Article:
We then perceive the true principle of unity, identity, and existence. Those things that before seemed to constitute the whole of being, upon taking an intellectual view of things, prove to be but fleeting phantoms. G. BERKELEY


73. CIVIL INJURIES-SEVERAL KINDS OF AND REMEDIES FOR. Under these three heads may every species of remedy by suit or action in the courts of common law be comprized. But in order effectually to apply the remedy, it is first necessary to ascertain the complaint. I proceed therefore now to enumerate the several kinds, and to inquire into the respective natures of all private wrongs or civil injuries which may be offered to the rights of either a man's person or his property; recounting at the same time the respective remedies, which are furnished by the law for every infraction of right. But I must first beg leave to premise, that all civil injuries are of two kinds, the one without force or violence, as slander or breach of contract; the other coupled with force and violence, as batteries or false imprisonment. Which latter species savour something of the criminal kind, being always attended with some violation of the peace; for which in strictness of law a fine ought to be paid to the king as well as a private satisfaction to the party injured. FOL. CENT.


And this distinction of private wrongs into injuries with and without force we shall find to run through all the variety of which we are now to treat. In considering of which, I shall follow the same method that was pursued with regard to the distribution of rights: for these are nothing else but an infringement or breach of those rights.

74. ENGLISH COLONIAL POLICY. But, Sir, in wishing to put an end to pernicious experiments, I do not mean to preclude the fullest inquiry. Far from it. Far from deciding on a sudden or partial view, I would patiently go round and round the subject, and survey it minutely in every possible aspect. Sir, if I were capable of engaging you to an equal attention, I would state, that, as far as I am capable of discerning, there are but three ways of proceeding relative to this stubborn spirit, which prevails in your colonies and disturbs your government. These are—to change that spirit, as inconvenient, by removing the causes. To prosecute it as a criminal. Or, to comply with it as necessary. I would not be guilty of an imperfect enumeration; I can think of but these three. Another has indeed been started, that of giving up the colonies; but it met so slight a reception that I do not think myself obliged to dwell a great while upon it. It is nothing but a little sally of anger, like the frowardness of peevish children, who, when they cannot get all they would have, are resolved to take nothing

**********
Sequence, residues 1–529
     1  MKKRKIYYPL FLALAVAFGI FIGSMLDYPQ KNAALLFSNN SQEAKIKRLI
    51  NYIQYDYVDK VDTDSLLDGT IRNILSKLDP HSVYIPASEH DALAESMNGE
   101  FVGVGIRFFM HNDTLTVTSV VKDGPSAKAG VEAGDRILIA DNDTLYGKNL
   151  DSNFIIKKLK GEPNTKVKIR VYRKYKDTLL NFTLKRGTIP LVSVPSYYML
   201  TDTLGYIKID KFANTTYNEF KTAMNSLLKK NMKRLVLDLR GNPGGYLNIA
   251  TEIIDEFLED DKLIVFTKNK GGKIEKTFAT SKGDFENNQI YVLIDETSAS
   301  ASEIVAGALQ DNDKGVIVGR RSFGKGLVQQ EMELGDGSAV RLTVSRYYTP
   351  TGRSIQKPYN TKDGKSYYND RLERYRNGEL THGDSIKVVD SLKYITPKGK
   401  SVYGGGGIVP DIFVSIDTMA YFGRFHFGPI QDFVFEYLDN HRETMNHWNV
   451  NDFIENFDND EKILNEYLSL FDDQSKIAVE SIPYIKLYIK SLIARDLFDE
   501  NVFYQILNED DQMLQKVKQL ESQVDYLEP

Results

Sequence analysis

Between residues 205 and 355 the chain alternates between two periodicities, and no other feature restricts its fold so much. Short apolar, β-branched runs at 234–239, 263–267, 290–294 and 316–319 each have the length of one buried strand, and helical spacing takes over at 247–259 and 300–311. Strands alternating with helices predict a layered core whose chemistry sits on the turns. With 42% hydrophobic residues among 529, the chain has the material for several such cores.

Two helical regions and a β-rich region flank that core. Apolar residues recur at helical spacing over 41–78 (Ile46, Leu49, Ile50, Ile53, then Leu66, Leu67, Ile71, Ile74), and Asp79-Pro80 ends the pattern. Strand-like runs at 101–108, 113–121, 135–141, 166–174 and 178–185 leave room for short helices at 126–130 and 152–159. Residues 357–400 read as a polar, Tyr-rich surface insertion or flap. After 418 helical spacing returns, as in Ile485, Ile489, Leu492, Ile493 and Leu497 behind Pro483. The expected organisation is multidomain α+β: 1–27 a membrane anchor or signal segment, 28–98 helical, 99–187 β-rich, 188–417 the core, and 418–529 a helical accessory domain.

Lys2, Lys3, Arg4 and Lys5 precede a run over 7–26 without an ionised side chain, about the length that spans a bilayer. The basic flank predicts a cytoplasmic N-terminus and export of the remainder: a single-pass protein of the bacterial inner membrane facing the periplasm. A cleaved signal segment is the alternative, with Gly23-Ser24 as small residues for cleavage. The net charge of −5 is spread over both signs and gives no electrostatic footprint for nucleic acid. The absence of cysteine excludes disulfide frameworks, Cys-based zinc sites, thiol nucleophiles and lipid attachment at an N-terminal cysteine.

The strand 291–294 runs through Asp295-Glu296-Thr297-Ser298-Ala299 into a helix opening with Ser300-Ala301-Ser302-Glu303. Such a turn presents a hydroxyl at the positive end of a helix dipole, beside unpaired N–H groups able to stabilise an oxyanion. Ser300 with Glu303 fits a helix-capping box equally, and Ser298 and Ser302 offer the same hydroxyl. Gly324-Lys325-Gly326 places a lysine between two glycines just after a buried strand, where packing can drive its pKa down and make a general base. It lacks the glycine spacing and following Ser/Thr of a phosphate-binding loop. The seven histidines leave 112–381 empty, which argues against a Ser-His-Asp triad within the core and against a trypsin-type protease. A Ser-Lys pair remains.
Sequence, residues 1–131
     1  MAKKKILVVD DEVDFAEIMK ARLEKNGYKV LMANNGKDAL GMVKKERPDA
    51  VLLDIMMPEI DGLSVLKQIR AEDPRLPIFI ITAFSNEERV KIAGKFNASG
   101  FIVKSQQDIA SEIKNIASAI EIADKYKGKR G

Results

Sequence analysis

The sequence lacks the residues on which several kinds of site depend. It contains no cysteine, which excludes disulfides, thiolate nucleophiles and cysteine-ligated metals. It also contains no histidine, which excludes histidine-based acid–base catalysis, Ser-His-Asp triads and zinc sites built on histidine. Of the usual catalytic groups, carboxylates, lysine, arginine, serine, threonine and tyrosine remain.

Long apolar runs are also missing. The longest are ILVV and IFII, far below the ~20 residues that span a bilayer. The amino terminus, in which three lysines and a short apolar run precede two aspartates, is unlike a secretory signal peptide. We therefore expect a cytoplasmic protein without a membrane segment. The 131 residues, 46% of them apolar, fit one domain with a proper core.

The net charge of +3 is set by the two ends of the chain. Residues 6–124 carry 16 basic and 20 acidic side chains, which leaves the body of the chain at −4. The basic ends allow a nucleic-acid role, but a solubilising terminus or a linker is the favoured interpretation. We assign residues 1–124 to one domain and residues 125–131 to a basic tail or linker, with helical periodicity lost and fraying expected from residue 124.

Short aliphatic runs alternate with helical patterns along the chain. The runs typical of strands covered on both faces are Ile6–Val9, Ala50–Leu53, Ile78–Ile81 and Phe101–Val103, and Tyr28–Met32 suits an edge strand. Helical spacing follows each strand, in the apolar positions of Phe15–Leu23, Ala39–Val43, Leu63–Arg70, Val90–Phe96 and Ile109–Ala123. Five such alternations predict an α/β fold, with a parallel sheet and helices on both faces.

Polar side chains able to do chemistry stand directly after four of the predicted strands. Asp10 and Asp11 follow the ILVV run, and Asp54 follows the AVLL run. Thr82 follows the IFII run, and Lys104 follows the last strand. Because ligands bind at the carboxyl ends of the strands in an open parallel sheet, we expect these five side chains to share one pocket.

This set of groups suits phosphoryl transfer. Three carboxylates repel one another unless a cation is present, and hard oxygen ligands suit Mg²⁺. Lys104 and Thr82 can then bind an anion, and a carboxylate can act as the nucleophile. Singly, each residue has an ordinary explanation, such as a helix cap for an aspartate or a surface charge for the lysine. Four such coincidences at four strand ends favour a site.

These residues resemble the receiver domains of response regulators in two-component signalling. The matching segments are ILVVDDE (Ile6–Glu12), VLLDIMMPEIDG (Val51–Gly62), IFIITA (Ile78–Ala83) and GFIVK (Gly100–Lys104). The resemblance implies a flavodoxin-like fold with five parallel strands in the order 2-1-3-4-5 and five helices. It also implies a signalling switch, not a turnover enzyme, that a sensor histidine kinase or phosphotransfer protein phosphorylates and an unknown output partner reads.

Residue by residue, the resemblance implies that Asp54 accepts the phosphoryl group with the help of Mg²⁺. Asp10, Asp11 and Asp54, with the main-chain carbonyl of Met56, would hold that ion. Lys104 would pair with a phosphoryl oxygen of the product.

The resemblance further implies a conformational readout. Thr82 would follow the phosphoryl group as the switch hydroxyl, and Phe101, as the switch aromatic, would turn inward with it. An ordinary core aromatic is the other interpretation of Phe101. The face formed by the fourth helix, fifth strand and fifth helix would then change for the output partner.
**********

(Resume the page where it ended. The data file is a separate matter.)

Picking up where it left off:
CLEANDER ATHENS. Philemon has passed through the most considerable offices in the state. He was, when very young, captain of a trireme at the battle of Salamis, and narrowly missed taking the famous Queen Artemisia, who escaped him by a very extraordinary stratagem. He has been since overseer of the fortifications, archon, one of the five hundred, and is now a member of the Areopagus. In all these employments an unblemished integrity, and an exact discharge of his duty, have recommended him to his countrymen as one of their most deserving citizens. He has frequently opposed the measures both of Cimon and Pericles; but it was in such a manner, that you saw, though he condemned the faults, he spared the men; and that his opposition proceeded not from ambition or caprice, but from an honest zeal for the public welfare. He is always well heard in the assemblies of the people, not from the art or eloquence of his orations, or a command of words, that rather overpowers than convinces the reason; but because he speaks to the purpose, and with an air and gesture, that shews he does not mean to impose upon his hearers, unless he is first deceived himself. Another quality, which distinguishes my friend, is a singular humanity : his door is open to every poor citizen, and his table prepared with a frugal hospitality to receive any stranger, who comes recommended either by his own deserts, or the request of a common friend. There is not a greater test of his benevolent temper, than that though he is an old man, he can encourage the mirth, and bear with the levities of the young; nor a stronger instance of his good breeding, than that he does not abound in the narrative faculty of years, and is rather forward to promote the conversation of others, than to assume an air of superiority, by obliging them to listen to his. This is an imperfect sketch of Philemon's character: I pass next to that of my other companions.

Athenian Letters

76. EXAMPLES OF DIVINE BENEVOLENCE. The contemplation of universal nature rather bewilders the mind than affects it. There is always a bright spot in the prospect, upon which the eye rests: a single example perhaps by which each man finds himself more convinced than by all others put together. I seem for my own part to see the benevolence of the Deity more clearly in the pleasures of very young children, than in any thing in the world. The pleasures of grown persons may be reckoned partly of their own procuring; especially if there has been any industry, or contrivance, or pursuit to come at them; or if they are founded, like music and painting, upon any qualification of their own acquiring. But the pleasures of a healthy infant are so manifestly provided for it by another, and the benevolence of the provision is so unquestionable, that every child I see at its sport affords to my mind a kind of sensible evidence of the finger of God, and of the disposition which directs it. But the example which strikes each man most strongly, is the true example for him: and hardly two minds hit upon the same; which shews the abundance of such examples about us.